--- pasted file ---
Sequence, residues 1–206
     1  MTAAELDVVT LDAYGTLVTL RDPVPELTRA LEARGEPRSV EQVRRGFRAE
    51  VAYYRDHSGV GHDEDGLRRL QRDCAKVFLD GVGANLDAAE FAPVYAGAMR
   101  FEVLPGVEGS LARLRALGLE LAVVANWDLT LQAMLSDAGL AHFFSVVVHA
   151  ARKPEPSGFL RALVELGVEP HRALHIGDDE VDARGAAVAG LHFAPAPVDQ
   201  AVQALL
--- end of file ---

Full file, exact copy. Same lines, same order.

Sequence, residues 1–206
     1  MTAAELDVVT LDAYGTLVTL RDPVPELTRA LEARGEPRSV EQVRRGFRAE
    51  VAYYRDHSGV GHDEDGLRRL QRDCAKVFLD GVGANLDAAE FAPVYAGAMR
   101  FEVLPGVEGS LARLRALGLE LAVVANWDLT LQAMLSDAGL AHFFSVVVHA
   151  ARKPEPSGFL RALVELGVEP HRALHIGDDE VDARGAAVAG LHFAPAPVDQ
   201  AVQALL